'Trojan Horse review': DfE 'lacked inquisitiveness'
The Department for Education "has in the past lacked inquisitiveness" about extremism in schools, an internal review by the department has found.
The review began after claims that hard-line Muslims had tried to gain control of school governing bodies in Birmingham - the "Trojan Horse" affair.
"Procedures could have been tighter than they were," says the report into its handling of the claims.
The review was commissioned by former Education Secretary Michael Gove.
Written by the DfE's top civil servant, Chris Wormald, it has found no instances of the DfE ignoring "specific warnings" of extremism in schools.
But it also notes: "The department needs always to be vigilant and inquisitive and have robust systems in place."
This is the latest in a series of investigations into the allegations, which were sparked by the so-called "Trojan Horse letter" - now widely believed to be a hoax.
The anonymous letter, which was sent to the local council, referred to an alleged plot by hard-line Muslims to seize control of a number of school governing boards in the city.
In June, Ofsted issued a damning verdict on the running of a number of Birmingham's schools and declared five failing, placing them into special measures.
Those schools were Golden Hillock School, Nansen Primary School and Park View Academy - all run by the Park View Educational Trust (PVET) - as well as Oldknow Academy and Saltley School.
In a written ministerial statement, current Education Secretary Nicky Morgan endorsed the latest review and its recommendations.
Mrs Morgan also announced a series of measures to strengthen systems within the department.
These include increasing the size of the DfE's Due Diligence and Counter-Extremism Division, and introducing a formal system for staff to refer concerns about extremism to the division.
Head teacher's concerns
The report says the DfE was contacted six times about matters relating to potential extremist infiltration in Birmingham schools between 1994 and 2013.
It also highlights how a DfE minister and officials met Birmingham head teacher Tim Boyes on two occasions in 2010.
The then education secretary was not aware of these meetings at the time. At both of these meetings, there was a discussion about the challenges that political Islam posed for schools in Birmingham. The discussions covered similar issues to those raised in the Trojan Horse letter.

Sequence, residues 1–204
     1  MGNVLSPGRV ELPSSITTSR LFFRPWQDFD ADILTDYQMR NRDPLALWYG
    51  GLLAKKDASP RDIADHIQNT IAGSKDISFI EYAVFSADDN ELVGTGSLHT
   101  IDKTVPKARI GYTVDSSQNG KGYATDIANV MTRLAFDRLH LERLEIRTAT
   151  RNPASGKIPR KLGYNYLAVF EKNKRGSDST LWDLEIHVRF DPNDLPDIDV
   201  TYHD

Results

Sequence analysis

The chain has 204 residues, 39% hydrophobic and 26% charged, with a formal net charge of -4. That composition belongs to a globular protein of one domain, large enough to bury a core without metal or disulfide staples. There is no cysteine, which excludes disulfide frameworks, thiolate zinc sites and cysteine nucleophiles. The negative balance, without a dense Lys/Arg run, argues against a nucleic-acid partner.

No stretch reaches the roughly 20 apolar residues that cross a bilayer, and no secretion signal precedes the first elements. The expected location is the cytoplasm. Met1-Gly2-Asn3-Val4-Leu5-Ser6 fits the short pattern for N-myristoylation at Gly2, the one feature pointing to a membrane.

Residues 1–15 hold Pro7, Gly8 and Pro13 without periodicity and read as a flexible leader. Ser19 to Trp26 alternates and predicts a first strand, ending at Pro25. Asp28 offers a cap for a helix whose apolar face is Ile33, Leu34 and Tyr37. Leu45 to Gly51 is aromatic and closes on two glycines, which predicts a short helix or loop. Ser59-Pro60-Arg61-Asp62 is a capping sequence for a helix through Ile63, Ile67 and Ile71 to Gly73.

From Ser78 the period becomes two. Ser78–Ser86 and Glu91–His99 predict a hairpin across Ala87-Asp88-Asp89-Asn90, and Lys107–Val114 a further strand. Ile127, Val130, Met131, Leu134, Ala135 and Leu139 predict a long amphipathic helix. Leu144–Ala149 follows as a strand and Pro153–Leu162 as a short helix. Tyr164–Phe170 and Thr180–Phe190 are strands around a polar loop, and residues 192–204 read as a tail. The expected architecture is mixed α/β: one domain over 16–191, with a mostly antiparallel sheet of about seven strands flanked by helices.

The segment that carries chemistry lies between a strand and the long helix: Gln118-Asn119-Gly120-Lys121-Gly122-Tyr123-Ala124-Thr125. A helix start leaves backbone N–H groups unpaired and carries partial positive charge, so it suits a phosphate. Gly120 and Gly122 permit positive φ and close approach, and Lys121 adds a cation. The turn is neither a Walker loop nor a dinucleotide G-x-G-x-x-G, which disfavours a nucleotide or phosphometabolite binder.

The report says the minister arranged for Mr Boyes to come into the DfE to discuss this issue further with officials who were working on counter extremism.
At this second meeting, there was a presentation from Mr Boyes which set out the kinds of challenges facing schools in Birmingham through the use of largely anonymised case studies.
The discussion is said to have focused on general policy issues rather than a call for specific intervention on particular schools.
However, a suggestion was made that a further discussion with a wider group of head teachers should be held - but this meeting never took place, says the report.
Mr Wormald concludes: "Whilst I have not found evidence of people having acted inappropriately, I have concluded that in individual instances the department has lacked inquisitiveness on issues relating to potential extremism or destabilisation of schools by external interests."
He adds that the department "has not historically treated the issue with the same robustness as it has demonstrated in dealing with warnings about, for example child protection".
The National Association of Head Teachers called for sustained support for school leaders who raised concerns about extremism, and more local oversight to identify issues "before they become crises".
"No central government department can or should police the entire education system for extremism," said NAHT General Secretary Russell Hobby.
"Where school leaders are taking the brave and difficult step of reporting their concerns, they have a right to expect a proactive response."
Labour's shadow education secretary Tristram Hunt said Labour was committed to providing stronger local oversight of schools.
"The recommendations that the education secretary has committed to taking forward today do not include any new measures for strengthening school oversight.
"It is common sense to suggest that if we are to properly monitor what is happening in our schools and act on intelligence coming from the local community, we need local oversight."